The Prince of Wales has told Iraqi Christians that they “are quite literally following in the footsteps of the Holy Family” at a Mass organised by Aid to the Church in Need (ACN).
At the Mass in the Holy Family Church in Acton, west London, in which the Lord’s Prayer was said in Aramaic, the language of Jesus Christ, the prince spoke about his closeness to the persecuted Christians saying: “As Christmas approaches my heart goes out to all Christians who are being persecuted on account of their faith.
“Throughout my life I have appealed for greater understanding between people of faith, for greater tolerance and for harmony between the great religions of the world.
“For me, it is utterly inconceivable that a person of one faith could find it in themselves to persecute a person of another faith. Surely to do so brings nothing but dishonour on the faith of the persecutor?”
Prince Charles met members of Iraqi Chaldean Christianity community, some of them with first-hand experience of persecution in their homeland. The Chaldean choir sang to the prince, and talks were given by Fr Nadheer Dako, parish priest of the Chaldean Catholic mission in London, and Archbishop Habib Bacha of Basra, who read a letter from Patriarch Louis Sako, calling for a safe haven for minorities in northern Iraq. John Pontifex, ACN’s head of press, also spoke about his recent experience in Iraq.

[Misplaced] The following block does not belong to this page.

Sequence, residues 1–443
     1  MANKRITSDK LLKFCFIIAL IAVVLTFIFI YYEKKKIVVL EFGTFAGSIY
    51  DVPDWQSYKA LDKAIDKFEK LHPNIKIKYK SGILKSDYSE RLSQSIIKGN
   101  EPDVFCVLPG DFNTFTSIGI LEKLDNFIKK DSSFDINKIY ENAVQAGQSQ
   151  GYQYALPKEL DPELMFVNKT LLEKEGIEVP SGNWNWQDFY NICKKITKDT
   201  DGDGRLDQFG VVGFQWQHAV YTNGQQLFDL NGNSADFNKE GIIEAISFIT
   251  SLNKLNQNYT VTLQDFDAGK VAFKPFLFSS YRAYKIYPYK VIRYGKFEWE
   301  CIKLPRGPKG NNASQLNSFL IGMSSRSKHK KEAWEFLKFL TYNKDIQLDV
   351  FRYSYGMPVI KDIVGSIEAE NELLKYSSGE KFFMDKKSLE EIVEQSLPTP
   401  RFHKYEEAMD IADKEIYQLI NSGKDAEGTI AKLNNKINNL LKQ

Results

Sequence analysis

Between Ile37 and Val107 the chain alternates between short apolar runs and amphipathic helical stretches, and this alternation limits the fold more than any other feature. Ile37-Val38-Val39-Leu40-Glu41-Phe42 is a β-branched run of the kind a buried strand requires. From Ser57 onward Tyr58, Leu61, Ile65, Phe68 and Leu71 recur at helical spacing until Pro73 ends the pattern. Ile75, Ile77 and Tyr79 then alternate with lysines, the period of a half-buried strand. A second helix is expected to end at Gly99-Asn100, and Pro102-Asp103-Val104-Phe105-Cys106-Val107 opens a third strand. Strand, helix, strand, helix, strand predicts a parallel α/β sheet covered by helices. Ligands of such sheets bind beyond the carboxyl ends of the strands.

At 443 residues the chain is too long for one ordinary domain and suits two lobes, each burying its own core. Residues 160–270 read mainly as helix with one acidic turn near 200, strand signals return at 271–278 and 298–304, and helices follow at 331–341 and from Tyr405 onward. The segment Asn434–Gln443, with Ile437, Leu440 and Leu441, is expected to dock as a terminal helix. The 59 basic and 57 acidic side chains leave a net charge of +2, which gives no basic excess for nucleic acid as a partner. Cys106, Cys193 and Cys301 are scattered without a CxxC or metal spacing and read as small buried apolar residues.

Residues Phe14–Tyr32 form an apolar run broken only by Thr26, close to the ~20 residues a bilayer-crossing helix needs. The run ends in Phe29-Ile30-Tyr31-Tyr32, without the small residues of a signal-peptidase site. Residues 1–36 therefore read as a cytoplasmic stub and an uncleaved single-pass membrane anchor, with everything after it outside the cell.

The prince said: “Like so many of you, I have been deeply distressed by the horrific scenes of violence and persecution coming out of your beloved Iraq. It seems to me that all faiths to some extent shine a light on the divine image in every human life. If that is so, then surely to destroy another human being is to desecrate the image of the Divine, and to do so in the name of faith is nothing less than a blasphemy.”
He continued: “As we see these truly dreadful images of executions and beheadings transmitted around the world via the internet, I cannot help but feel that we are in serious danger in this so-called modern age of descending into the dark ages of public executions.
“At this most agonising of times we have to struggle not to forget that Our Lord called upon us to love our enemies and to pray for those who persecute. But by being with you this Christmas time I wanted to assure you of my constant thoughts and sympathy. As you know, the story of the Nativity ends with the Holy Family fleeing for refuge from persecution. You and your families are quite literally following in the footsteps of the Holy Family.”
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